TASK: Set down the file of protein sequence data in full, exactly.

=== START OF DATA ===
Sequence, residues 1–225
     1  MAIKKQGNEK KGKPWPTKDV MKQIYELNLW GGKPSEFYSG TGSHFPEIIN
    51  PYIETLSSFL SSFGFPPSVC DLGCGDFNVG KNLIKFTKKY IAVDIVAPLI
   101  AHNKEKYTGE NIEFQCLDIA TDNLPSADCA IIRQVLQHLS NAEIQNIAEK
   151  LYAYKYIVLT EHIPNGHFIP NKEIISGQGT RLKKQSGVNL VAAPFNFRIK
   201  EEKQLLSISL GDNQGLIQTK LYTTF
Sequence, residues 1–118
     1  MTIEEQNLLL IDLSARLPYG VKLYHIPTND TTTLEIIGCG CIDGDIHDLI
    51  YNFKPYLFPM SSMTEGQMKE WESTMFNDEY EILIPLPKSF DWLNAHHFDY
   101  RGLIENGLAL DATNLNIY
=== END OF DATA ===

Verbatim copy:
Sequence, residues 1–225
     1  MAIKKQGNEK KGKPWPTKDV MKQIYELNLW GGKPSEFYSG TGSHFPEIIN
    51  PYIETLSSFL SSFGFPPSVC DLGCGDFNVG KNLIKFTKKY IAVDIVAPLI
   101  AHNKEKYTGE NIEFQCLDIA TDNLPSADCA IIRQVLQHLS NAEIQNIAEK
   151  LYAYKYIVLT EHIPNGHFIP NKEIISGQGT RLKKQSGVNL VAAPFNFRIK
   201  EEKQLLSISL GDNQGLIQTK LYTTF
Sequence, residues 1–118
     1  MTIEEQNLLL IDLSARLPYG VKLYHIPTND TTTLEIIGCG CIDGDIHDLI
    51  YNFKPYLFPM SSMTEGQMKE WESTMFNDEY EILIPLPKSF DWLNAHHFDY
   101  RGLIENGLAL DATNLNIY